Hollywood hit

By TED DROZDOWSKI  |  September 4, 2007

“We were covered from all angles,” Potter jokes.

The hard part, she recounts, was working with Daly, who pushed her to whack and rewrite parts of tunes to make them more accessible. “It was frustrating for me and involved some creative heartbreak, because I really believe in everything I leave in a song when I finish it and take it to the band. But when we were finished, I understood that was part of making the album we really wanted to make from the beginning.”

On The Tonight Show, they played the protest number “Ah Mary,” which turns on a metaphor for America’s current self-destructive streak. That song and others — like “Big White Gate,” with Potter’s darkly angelic wailing and Tournett’s high, singing guitar carrying its protagonist to the grave and beyond, and the more intimate, piano-driven “Apologies,” a subtle portrait of emotional conflict — don’t just straddle pop’s past and present. They sound remarkably spare and honest despite their meticulous production and huge blasts of guitar.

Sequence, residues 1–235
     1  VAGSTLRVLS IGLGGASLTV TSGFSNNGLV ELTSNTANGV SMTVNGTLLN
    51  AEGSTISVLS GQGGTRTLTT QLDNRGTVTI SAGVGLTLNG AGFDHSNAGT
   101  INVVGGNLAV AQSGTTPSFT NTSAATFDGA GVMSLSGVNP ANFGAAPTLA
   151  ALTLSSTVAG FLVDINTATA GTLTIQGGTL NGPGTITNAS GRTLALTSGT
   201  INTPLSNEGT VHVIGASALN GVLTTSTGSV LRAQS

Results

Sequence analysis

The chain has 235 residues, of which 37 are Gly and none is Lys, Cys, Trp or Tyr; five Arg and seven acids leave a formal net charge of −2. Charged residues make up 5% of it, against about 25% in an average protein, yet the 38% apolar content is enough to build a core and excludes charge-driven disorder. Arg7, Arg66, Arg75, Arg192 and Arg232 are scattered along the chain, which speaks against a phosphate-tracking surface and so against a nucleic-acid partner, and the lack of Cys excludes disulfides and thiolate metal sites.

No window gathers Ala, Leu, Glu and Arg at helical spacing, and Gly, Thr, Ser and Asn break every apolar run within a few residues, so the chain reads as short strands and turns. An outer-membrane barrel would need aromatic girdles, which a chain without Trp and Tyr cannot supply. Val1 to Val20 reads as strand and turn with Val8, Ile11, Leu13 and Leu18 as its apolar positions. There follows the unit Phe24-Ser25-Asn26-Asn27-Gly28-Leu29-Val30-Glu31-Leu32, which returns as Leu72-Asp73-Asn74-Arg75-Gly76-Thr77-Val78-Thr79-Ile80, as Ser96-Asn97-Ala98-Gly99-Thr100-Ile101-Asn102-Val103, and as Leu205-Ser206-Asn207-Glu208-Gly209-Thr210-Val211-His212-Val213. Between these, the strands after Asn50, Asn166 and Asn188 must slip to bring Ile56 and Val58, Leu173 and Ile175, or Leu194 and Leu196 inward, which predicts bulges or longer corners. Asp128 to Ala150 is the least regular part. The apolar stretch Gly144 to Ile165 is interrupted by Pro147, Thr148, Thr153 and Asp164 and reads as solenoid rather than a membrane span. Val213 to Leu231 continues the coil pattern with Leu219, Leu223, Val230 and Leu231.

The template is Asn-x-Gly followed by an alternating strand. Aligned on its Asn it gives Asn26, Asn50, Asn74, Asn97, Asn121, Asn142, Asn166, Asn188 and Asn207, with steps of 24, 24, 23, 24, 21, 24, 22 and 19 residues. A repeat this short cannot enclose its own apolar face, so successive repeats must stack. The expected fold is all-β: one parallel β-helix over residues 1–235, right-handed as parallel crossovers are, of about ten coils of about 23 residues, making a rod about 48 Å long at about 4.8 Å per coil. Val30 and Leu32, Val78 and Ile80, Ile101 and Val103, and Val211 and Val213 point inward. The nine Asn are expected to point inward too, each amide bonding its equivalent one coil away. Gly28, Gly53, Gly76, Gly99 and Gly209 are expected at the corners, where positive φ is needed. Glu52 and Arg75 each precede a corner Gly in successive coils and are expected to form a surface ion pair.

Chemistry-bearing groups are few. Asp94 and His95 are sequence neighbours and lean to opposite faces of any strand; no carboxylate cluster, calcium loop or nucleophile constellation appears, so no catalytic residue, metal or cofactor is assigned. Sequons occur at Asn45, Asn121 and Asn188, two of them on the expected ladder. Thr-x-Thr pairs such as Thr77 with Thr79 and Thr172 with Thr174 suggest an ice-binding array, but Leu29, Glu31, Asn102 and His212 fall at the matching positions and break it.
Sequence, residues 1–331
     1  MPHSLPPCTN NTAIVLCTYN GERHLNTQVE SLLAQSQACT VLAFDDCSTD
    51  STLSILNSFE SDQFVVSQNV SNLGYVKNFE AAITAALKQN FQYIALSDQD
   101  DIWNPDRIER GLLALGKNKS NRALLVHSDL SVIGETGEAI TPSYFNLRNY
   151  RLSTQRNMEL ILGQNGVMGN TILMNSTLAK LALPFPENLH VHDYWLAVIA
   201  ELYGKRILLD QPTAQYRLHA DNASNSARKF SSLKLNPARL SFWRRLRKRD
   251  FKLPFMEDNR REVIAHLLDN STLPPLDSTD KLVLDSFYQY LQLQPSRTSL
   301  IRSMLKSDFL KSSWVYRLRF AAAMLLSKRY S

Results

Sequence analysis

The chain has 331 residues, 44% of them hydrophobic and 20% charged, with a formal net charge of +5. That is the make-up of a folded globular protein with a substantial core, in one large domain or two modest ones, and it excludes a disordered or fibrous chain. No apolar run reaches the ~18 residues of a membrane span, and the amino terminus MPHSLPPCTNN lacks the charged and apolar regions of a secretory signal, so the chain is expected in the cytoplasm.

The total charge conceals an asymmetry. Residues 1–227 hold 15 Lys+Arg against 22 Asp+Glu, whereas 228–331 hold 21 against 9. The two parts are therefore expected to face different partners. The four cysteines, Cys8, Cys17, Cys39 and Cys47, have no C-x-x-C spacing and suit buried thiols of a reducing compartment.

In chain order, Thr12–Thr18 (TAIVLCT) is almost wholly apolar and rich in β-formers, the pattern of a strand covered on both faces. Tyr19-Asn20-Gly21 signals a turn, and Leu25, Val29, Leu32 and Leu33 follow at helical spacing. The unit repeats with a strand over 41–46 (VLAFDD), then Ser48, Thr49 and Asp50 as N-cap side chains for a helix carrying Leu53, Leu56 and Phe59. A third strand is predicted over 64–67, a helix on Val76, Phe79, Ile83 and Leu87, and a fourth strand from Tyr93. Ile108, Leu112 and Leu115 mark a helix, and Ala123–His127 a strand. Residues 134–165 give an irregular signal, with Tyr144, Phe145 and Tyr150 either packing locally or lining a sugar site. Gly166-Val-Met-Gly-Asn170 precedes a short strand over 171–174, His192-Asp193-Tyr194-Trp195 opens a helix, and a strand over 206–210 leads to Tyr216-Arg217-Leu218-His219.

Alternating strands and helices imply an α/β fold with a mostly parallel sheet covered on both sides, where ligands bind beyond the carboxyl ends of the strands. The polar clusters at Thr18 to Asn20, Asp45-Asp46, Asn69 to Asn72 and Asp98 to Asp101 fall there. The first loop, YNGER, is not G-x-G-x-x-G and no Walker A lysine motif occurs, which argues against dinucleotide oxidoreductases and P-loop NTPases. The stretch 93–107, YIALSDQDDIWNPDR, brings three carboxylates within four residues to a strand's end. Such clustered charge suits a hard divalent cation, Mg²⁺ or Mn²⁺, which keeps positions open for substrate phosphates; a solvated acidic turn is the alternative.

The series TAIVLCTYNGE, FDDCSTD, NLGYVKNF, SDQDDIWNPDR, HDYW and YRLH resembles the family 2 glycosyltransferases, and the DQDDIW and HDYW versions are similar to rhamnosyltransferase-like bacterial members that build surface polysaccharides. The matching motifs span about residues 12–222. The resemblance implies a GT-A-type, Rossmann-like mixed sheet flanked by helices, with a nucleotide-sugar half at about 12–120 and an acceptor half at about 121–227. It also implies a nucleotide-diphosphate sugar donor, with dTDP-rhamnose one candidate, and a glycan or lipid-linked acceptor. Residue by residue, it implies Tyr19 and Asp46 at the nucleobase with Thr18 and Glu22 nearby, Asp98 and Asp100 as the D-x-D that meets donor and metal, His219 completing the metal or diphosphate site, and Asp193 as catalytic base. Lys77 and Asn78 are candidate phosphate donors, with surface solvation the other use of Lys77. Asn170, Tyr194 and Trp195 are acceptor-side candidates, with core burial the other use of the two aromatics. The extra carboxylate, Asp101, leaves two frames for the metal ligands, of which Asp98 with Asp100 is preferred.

Part of that is due to the album’s old-school approach to recording and mixing. Potter and her cast understood that raunch and fuzz can be tempered in the studio without sacrificing power, and that recordings then become mixable in a way that lets listeners hear the nuances of each instrument and the open sonic spaces without sacrificing spirit or energy. That’s the way such classic discs as Fleetwood Mac’s Then Play On and Young’s Harvest were crafted.

The heart of the album, however, isn’t the production but the performances: Potter and the Nocturnals possess that intangible quality called “soul.” So, for all their mainstream accessibility, it’s no surprise that they’re sharing a bill at the Pavilion with openers Earl Greyhound and headliners Govt. Mule — friends from the jam scene.

“We love coming back to New England, and especially Boston,” says Potter. “Sometimes, when you’re on the road, especially playing big places, it’s easy to get all rocked up and feel like you’re from Texas or something. But it took us a long time to build a following in Boston, and now we feel like a home-town band there. It’s centering.”

GRACE POTTER AND THE NOCTURNALS + GOV’T MULE + EARL GREYHOUND | Bank of America Pavilion, Northern Avenue, Boston | September 7 | 617.931.2000

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